A sequel that’s faster, flashier and more bombastic than the original
London WC2 ULU
With the mania accelerating rapidly, the moment is theirs for the taking...
Instead, dressed as always in wall-to-wall black, they play tonight with incredible directness and a rumbling desire to milk their songs for every last ear-bashing decibel. That voice, though, rubbing up against the battered guitars and becoming gradually more sepulchral with every song, is still the key. That's not to belittle Hillary and Fergal - cacophonously creating the rhythmic force behind Greaney's vaulting ambition - but when they melt away for him to do an emotionally raw solo 'Desertion', things might get considerably quieter, but the focus doesn't change for a moment.
It's here, if anywhere - alongside their imperious sense of art and occasionally purple prose (who else would use the word "thee" in their lyrics?) - that those Radiohead comparisons still warrant inspection. Like Thom Yorke, Greaney takes the confessional to skin-crawling heights. But, as if to counter those frequent accusations of teenage angst, JJ72 are pushing the envelope of the nascent noise that existed on the album. This could, of course, be construed as the musical version of throwing a tantrum, but wallowing in self-pity could never manage to sound this savage.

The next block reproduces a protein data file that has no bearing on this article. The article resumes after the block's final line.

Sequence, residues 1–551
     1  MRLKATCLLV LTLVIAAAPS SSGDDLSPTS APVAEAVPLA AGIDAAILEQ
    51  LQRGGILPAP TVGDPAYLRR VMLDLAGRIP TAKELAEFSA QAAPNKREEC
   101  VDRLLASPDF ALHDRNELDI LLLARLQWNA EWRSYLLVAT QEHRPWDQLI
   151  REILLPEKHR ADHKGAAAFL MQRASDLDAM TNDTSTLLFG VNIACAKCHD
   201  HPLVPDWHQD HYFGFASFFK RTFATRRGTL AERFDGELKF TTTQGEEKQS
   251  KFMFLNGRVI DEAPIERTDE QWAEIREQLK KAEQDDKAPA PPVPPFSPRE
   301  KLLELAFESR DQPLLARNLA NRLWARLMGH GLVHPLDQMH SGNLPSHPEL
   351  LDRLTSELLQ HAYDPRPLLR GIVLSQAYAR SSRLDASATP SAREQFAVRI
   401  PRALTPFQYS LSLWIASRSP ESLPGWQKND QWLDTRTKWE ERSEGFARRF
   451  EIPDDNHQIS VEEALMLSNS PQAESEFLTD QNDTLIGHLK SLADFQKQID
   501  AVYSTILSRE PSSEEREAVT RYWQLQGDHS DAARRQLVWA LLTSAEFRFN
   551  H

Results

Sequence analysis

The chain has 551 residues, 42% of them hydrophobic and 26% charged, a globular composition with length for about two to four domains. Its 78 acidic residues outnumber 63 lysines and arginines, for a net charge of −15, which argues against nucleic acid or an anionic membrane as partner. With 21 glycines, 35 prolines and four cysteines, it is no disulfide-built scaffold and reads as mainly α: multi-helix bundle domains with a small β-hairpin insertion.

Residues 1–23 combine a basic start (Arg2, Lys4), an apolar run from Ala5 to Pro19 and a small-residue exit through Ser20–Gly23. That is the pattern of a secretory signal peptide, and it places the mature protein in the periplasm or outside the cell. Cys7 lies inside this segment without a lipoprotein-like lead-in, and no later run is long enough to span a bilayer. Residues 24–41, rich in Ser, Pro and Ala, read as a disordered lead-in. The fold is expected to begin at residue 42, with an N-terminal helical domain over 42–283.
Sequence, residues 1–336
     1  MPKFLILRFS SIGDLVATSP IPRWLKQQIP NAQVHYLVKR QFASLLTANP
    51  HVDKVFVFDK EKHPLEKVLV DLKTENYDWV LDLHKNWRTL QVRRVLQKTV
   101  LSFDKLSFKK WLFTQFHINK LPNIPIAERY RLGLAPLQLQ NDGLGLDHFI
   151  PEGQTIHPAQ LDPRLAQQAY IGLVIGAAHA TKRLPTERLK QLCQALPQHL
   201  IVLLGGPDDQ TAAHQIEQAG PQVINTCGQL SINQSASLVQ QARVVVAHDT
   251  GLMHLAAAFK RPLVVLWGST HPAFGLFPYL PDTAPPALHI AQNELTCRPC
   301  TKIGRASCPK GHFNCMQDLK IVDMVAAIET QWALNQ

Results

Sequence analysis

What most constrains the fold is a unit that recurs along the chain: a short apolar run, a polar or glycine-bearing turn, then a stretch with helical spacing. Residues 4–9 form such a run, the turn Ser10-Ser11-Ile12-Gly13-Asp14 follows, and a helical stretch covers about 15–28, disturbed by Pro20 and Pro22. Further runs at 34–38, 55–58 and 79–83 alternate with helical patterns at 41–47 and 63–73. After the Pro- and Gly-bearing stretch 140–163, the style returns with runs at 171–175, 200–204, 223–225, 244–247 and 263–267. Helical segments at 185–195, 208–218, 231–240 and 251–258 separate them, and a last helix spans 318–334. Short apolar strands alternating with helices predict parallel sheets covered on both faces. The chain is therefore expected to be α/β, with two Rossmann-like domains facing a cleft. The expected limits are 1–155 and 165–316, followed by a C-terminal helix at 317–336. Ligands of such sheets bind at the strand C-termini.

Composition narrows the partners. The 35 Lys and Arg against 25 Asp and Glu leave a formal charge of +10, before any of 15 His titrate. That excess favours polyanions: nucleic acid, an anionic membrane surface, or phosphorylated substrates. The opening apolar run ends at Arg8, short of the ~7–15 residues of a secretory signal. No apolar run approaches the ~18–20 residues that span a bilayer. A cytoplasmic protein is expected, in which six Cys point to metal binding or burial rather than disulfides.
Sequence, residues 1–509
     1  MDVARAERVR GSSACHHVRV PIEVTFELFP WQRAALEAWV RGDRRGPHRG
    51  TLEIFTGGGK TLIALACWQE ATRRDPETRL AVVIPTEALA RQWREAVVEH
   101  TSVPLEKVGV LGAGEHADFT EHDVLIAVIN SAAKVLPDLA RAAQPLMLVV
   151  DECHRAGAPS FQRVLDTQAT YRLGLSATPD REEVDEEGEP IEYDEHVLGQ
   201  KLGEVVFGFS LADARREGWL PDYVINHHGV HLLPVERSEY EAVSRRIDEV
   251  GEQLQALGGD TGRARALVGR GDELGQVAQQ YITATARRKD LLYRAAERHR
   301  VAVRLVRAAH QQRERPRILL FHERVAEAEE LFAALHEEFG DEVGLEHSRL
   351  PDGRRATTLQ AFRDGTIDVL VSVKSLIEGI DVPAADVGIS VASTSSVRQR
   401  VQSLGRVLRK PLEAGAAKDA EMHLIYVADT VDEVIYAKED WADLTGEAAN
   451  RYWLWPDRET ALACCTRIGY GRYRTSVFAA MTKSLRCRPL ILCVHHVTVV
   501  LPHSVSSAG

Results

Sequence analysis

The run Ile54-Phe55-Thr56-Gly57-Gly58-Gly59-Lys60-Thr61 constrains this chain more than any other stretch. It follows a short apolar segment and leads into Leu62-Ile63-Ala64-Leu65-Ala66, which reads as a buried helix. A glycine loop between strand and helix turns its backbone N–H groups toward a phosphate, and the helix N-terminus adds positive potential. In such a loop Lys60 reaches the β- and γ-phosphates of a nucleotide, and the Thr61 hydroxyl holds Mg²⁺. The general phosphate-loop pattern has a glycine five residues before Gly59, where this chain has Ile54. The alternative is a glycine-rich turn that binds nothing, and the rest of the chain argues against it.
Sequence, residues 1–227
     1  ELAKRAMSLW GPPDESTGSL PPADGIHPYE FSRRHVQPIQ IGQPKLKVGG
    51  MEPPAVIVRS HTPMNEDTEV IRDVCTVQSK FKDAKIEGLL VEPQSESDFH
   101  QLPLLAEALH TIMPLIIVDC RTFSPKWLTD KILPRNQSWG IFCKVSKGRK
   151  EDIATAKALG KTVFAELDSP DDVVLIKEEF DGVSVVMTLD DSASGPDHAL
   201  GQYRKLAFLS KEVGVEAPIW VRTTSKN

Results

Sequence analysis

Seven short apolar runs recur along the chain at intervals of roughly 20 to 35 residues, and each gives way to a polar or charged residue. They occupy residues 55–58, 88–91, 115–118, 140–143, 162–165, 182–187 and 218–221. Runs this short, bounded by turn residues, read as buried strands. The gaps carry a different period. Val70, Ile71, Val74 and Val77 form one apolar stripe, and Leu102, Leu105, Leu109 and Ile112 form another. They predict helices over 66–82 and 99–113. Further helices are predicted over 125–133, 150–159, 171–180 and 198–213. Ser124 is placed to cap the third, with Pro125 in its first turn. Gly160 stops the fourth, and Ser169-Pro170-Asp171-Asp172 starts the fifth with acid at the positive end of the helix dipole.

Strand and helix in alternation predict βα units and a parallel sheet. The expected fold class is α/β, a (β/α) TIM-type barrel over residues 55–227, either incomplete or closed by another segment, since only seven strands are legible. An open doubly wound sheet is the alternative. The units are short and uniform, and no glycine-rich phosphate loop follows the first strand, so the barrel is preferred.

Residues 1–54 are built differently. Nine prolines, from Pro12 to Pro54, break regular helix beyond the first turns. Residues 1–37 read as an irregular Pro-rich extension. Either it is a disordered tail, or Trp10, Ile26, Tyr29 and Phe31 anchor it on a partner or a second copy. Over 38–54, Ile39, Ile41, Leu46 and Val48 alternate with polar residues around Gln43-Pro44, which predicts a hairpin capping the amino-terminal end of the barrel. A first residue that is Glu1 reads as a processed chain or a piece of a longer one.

Accordingly, these songs are now like barbed wire - jagged, twisted, but incredibly well-designed for the task in hand. 'Oxygen' is played with life-affirming jubilation rather than the usual sense of autumnal melancholy but, when the time comes to stamp on the pedals for the chorus, it's also now as brutal as a bare-knuckle boxing bout. Ditto 'Snow', played with clamorous fury, 'Undercover Angel' translating the sound of nerves not so much being touched as ripped out, and forthcoming single 'October Swimmer' swooping and bleeding at the seams in a manner that suggests it will soon be hanging around in the vicinity of the word 'classic'.
With the mania accelerating rapidly, the moment is theirs for the taking. No longer easily dismissed as a mere angst merchant or indie bedwetter, Mark Greaney might still be baring himself lyrically and emotionally, but the only stripping he and JJ72 are doing now takes place on our expectations.
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